Another option is to create some routines around shared meals.  So, at the family dinner table, you can take a minute to breathe before beginning the meal.  Or, everyone can take turns saying one thing they are thankful for that day.  Setting the expectation that everyone is to focus on the person speaking is another way to be mindful.

Children, but humans in general, thrive on routine.  So, creating a regular mindful activity can really benefit our children, but ourselves as well.

It doesn’t have to be complicated.  It doesn’t have to be “perfect”.  Just give it a go!

 

If you want to dive deeper, here’s another great article about mindfulness apps:

How Do Mindfulness Apps Work?

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CHALLENGE DAY 21

HAPPY EARTH DAY 2018!

Today’s challenge is to slow down…

…is there a way you can create more time to allow to make your lunch? 

Make your own bread, jam or yogurt?

How about just taking some time for self care?

Life today is busy and stressed for most people.  I don’t think we are on this planet to live busy and stressed.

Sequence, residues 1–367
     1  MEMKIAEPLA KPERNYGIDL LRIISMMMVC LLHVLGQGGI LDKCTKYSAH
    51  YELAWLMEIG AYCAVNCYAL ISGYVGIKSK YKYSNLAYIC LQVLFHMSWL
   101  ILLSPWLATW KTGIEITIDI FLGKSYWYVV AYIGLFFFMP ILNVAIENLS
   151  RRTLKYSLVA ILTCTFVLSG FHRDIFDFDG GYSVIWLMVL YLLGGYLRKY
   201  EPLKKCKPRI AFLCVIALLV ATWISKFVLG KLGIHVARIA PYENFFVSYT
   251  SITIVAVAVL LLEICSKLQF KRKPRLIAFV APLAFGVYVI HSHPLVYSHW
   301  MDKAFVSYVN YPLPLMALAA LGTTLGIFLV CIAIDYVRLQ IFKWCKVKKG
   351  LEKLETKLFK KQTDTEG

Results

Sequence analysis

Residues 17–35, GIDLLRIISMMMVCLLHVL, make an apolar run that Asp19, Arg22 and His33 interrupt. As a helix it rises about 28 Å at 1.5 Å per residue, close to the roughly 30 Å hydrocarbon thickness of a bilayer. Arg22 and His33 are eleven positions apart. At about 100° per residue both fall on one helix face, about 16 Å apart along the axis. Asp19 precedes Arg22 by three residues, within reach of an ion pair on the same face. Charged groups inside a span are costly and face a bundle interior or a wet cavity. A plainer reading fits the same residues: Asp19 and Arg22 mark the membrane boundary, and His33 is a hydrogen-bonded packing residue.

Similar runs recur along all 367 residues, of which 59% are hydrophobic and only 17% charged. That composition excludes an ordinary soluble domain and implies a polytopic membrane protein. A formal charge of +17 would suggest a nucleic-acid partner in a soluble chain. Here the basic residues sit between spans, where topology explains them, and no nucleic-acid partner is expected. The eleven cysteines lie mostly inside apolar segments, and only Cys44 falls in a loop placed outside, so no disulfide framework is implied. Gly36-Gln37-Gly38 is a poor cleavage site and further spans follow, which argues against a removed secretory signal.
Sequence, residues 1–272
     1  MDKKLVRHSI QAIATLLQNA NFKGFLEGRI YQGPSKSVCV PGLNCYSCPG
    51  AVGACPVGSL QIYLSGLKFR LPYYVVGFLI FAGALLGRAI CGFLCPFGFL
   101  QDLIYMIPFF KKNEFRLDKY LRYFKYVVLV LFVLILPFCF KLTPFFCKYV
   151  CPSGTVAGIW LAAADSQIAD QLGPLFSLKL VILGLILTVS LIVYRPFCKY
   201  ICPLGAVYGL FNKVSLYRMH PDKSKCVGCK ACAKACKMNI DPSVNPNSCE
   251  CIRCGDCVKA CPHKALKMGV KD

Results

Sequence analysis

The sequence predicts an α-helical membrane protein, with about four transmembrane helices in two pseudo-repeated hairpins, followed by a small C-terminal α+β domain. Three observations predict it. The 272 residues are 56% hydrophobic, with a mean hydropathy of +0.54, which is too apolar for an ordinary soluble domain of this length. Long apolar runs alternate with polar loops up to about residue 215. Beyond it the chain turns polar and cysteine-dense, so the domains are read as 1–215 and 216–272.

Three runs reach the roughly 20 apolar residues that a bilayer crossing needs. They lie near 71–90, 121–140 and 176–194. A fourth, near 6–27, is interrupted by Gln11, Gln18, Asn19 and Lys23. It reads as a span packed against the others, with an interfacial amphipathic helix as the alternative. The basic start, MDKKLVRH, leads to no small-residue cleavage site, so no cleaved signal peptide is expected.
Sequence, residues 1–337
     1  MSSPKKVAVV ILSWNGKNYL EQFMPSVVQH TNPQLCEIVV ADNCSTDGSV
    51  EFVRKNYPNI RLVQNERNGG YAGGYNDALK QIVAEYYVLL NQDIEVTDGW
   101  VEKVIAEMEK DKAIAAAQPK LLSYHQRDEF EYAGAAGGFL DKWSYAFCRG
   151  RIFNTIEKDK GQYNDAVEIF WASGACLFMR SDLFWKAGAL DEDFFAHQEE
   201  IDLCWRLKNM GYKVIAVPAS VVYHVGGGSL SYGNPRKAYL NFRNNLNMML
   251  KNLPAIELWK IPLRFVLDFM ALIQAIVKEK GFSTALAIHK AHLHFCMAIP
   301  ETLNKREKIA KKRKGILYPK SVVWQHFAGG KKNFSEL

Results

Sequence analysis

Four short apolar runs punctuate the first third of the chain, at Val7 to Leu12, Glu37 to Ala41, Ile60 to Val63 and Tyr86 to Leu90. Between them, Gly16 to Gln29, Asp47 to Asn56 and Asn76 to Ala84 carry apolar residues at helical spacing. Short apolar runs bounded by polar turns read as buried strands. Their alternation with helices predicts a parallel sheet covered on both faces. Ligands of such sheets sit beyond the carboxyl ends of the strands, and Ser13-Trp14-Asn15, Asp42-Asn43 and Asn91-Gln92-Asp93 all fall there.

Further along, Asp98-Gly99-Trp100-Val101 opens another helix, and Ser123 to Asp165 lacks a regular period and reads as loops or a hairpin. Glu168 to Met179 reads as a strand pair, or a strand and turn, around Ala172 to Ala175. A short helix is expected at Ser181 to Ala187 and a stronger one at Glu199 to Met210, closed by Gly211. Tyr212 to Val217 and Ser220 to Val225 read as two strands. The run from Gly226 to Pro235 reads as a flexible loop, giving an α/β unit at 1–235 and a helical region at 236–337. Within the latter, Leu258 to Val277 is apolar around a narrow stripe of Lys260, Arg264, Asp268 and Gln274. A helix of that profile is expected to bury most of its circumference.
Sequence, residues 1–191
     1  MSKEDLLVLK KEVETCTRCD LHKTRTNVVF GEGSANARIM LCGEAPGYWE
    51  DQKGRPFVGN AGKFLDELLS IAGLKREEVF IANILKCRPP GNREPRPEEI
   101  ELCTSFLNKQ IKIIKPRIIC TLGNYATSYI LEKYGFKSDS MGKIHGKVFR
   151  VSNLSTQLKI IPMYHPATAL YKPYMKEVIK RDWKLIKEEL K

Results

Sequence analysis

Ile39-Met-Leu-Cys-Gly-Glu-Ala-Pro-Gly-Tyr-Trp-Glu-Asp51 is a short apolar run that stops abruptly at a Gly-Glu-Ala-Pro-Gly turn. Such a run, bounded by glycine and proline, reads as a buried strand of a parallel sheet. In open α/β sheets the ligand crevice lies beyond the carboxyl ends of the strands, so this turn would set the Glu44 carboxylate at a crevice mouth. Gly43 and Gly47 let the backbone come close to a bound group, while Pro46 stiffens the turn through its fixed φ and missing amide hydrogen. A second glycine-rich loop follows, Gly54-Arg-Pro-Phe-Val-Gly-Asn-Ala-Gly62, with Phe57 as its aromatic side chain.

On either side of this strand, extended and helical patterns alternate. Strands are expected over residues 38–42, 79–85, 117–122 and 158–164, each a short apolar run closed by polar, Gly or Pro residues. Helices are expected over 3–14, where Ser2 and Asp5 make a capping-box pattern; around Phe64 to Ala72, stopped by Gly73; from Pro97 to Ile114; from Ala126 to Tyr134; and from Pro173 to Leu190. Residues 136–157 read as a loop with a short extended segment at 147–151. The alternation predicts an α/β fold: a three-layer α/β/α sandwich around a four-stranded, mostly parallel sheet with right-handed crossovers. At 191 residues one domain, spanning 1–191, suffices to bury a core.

Mindfulness about ourselves, our community and our planet means taking the time

to “look around once and a while or you might miss it ” (in the words of Ferris Bueller)

Ferris Bueller Quote

So, today, can you take some time and go for a walk? 

Observe birds chirping, the color of the sky, the color of the grass. 

Have you seen bees yet this season?  They are critical pollinators for our food sources. 

Can you sit and take 10 minutes to focus just on your breath?

Can you lovingly make a meal for yourself and your family?

Can you make time to bake a loaf of bread with care?

That is all.

Just slow down today.

And, enjoy.

Thank you to all of you who participated, took a look and asked questions or made suggestions.  This has been a fantastic journey!

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CHALLENGE DAY 20

Today’s challenge is to D.I.Y.

We are super addicted to packaging in modern society.  The item we are really purchasing is sometimes wrapped in plastic and again in a plastic container.  And, again, plastic (although recyclable in most cases) is not biodegradable.  So, today I’d like you to invite you to make something on your own that you normally buy in a container.

Try making your own.

Here are some examples of products you can make at home:

bread, yogurt, jam, frozen fruit, juices, granola, trail mix, tea, nut butters, canned veggies/fruit, household cleaners

To make this easier, I am providing a couple recipes, but feel free to do your own research and get creative!

When I was growing up, my mother made her own bread, refried beans, cookies, cakes, etc.

As I’ve become a mother, I’ve learned about canning, juicing and making my own household cleaners and tea.